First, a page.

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Carl at Chop Suey

Photo by The Finest Kiss

Carl's second West Coast adventure went really good. The Finest Kiss (who took the photo above) wrote a review of the gig, of course focusing more on Glasvegas, who were the main attraction, but spending a few words on Carl too:
"Opening the show was a pleasant surprise. Carl Barat of Libertines and Dirty Pretty Things did a solo set of just him and an electric guitar. He played a handful of Libertines songs that a got everybody singing along to him. I think he may have done one or two new songs as well. You would probably get a better review of his set from one of the many women front and center singing along to every one of his songs. I realized this night the women dig Carl Barat. Why not, he’s a good looking dangerous kind of guy in a Jud Nelson, Breakfast Club kind of way. After his set all the women at the front left. I though that Barat might reappear for a song or two in the Glasvegas set like he did a last week in Glasgow, but no such luck".

As much as I hate this "tombeur des femmes" reputation that follows Carlos everywhere (he's such a talented bloke and yet he only seems to be appreciated cause he's got blue eyes and a nice bum) I think the "West Coast Girls" (the Pet Shop Boys didn't write that did they?) are doing a great job supporting the Mighty Carlos over there. Actually he even asked a "favor" to the people who're going to see him in L.A. So says our friend Alice: "In Seattle, Carl asked us if we knew of 'anyone who likes him' who's coming to LA. He said if we did, could we ask them to come to the front and make a lot of noise. I assume this means cheering rather than heckling, but we thought we might just pass on his request".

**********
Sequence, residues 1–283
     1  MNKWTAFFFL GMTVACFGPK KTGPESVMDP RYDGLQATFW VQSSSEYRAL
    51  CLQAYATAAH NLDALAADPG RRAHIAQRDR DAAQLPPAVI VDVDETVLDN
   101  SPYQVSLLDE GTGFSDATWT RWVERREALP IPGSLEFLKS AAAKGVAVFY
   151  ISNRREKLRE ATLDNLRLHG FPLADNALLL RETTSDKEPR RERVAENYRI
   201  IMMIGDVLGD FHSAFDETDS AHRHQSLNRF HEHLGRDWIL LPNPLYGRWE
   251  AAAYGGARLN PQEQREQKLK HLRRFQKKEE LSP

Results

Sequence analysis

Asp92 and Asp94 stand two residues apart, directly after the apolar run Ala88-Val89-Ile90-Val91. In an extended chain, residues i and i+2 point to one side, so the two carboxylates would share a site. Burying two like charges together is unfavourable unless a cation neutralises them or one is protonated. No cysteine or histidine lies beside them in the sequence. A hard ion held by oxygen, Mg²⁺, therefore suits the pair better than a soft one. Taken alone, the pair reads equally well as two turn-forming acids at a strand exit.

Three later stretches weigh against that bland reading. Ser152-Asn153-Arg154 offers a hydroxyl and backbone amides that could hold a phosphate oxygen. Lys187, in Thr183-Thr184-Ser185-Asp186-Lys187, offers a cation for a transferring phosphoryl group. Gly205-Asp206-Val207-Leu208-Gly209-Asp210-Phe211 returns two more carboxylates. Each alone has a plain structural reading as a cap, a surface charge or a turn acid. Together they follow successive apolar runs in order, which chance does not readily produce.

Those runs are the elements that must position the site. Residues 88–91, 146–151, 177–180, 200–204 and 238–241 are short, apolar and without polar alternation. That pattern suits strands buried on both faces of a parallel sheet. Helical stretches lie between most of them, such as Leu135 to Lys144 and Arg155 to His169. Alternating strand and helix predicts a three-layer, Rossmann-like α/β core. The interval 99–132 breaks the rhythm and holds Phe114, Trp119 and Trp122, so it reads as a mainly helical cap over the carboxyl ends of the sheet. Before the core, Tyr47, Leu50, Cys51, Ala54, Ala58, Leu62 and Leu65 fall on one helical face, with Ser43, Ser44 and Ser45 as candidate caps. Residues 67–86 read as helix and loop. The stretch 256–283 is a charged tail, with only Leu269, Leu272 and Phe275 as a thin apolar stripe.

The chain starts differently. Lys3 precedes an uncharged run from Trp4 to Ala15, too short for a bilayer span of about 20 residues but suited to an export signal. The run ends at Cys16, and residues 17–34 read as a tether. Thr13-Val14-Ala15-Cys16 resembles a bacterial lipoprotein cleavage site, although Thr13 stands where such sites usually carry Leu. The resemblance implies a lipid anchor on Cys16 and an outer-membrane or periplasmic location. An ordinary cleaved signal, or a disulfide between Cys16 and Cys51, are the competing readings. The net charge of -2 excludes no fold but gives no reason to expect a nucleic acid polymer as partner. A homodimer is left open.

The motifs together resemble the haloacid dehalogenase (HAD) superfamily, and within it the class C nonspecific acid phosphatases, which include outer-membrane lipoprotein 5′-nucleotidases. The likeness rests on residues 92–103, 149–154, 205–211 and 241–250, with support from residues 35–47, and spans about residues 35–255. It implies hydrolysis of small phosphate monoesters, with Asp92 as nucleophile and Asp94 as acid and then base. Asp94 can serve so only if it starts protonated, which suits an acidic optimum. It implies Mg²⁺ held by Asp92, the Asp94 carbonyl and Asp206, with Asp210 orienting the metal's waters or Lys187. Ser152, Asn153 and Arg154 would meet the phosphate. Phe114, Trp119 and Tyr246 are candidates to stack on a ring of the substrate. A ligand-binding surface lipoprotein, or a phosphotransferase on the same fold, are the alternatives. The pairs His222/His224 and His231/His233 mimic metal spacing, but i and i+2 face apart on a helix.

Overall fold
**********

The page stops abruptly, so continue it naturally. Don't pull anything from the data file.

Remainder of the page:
Of course Alice also wrote another one of her beautiful reports:
"Seattle, like San Fransisco is a city built on hills with a grid-system of roads that seem to go in steps, creating that amazing network of steep streets punctuated by platforms where the junctions on the cross-hatching lie. I'd never been there before, and it seems an interesting place... less affluent than SF, but with the same marvellous setting of water and mountains... and drizzle. Made me feel quite at home.
The venue, the unauspiciously named, 'Chop Suey' was out of the centre of the city in a district well populated by tattoos and piercings as well as the requisite pizza-parlours and bars. In contrast to San Fransisco, they let us in fairly promptly at 8pm, leaving a bedraggled bevy of teenage girls denied admission on account of not yet being 21 stranded on the street. We gave them big hugs, regretting that we couldn't smuggle them in under our coats, and feeling pleased that Carl had come out earlier and had a good chat with them. Stupid legislation.
Chop Suey was smaller than Popscene, a welcoming space with a small stage, a long raised bar area and a compact space that probably held about 300 people. We'd greeted stateside friends, got our drinks and managed not to twitch too much while we waited. A mere hour or so after we'd come in, Carl emerged on stage. The set was similar to the one he played in San Fransisco, with the substitution of 'Can't Stand Me Now' for 'Time for Heroes' as the closer. As in San Fransisco, he was uncharacteristically chatty. He dedicated 'France' to 'all the French people' (where, in the world, or there at the club, we wondered). He commented at one point, 'if you have trouble understanding me, you're going to be fucked with Glasvegas,' to which the quick reply came from the crowd, 'pardon?'
The mood was much lighter than in San Fransisco - as a result, I think, of both Carl being more relaxed and the crowd itself being more interactive, with more people in the audience interested in him... knowing the words, cheering and so on. Indeed, his greater confidence was palpable, and a delight to see, although I would say that overall his singing was slightly less sweet than on Thursday, this most likely due to a slight sore throat he'd complained about before the show. But the increased confidence made a big difference, everything seemed more sure, less hesitant, and this was particularly apparent in his guitar playing.
As in San Fransisco, it was hard to see him putting down his guitar after so short a time - the price of the support slot - but absolutely wonderful to hear him publicly reclaiming material that he's not been playing since 2004. I know that he's said that his plan is to create new material, and, I would imagine, eventually to tour that. But in the meantime, I hope he will allow himself - and us - the indulgence of more shows where some great musical gems get dusted off and aired in public".

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